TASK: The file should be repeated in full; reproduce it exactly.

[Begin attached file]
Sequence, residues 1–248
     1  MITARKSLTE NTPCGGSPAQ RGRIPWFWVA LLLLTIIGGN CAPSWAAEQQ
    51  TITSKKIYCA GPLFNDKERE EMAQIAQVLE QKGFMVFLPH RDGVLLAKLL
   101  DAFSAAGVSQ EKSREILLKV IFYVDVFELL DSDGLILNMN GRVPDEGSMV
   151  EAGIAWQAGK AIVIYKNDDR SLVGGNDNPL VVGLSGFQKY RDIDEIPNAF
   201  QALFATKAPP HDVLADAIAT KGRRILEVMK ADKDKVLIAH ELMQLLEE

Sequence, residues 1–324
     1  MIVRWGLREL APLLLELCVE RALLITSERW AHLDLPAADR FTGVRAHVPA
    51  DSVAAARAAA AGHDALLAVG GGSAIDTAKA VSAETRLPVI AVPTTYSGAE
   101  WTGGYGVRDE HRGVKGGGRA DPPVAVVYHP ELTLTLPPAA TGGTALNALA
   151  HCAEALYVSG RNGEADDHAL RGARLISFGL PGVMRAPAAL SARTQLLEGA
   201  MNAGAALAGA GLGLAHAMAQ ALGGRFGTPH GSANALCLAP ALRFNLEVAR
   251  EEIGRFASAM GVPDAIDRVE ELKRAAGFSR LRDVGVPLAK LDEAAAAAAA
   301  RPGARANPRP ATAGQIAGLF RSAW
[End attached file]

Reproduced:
Sequence, residues 1–248
     1  MITARKSLTE NTPCGGSPAQ RGRIPWFWVA LLLLTIIGGN CAPSWAAEQQ
    51  TITSKKIYCA GPLFNDKERE EMAQIAQVLE QKGFMVFLPH RDGVLLAKLL
   101  DAFSAAGVSQ EKSREILLKV IFYVDVFELL DSDGLILNMN GRVPDEGSMV
   151  EAGIAWQAGK AIVIYKNDDR SLVGGNDNPL VVGLSGFQKY RDIDEIPNAF
   201  QALFATKAPP HDVLADAIAT KGRRILEVMK ADKDKVLIAH ELMQLLEE

Sequence, residues 1–324
     1  MIVRWGLREL APLLLELCVE RALLITSERW AHLDLPAADR FTGVRAHVPA
    51  DSVAAARAAA AGHDALLAVG GGSAIDTAKA VSAETRLPVI AVPTTYSGAE
   101  WTGGYGVRDE HRGVKGGGRA DPPVAVVYHP ELTLTLPPAA TGGTALNALA
   151  HCAEALYVSG RNGEADDHAL RGARLISFGL PGVMRAPAAL SARTQLLEGA
   201  MNAGAALAGA GLGLAHAMAQ ALGGRFGTPH GSANALCLAP ALRFNLEVAR
   251  EEIGRFASAM GVPDAIDRVE ELKRAAGFSR LRDVGVPLAK LDEAAAAAAA
   301  RPGARANPRP ATAGQIAGLF RSAW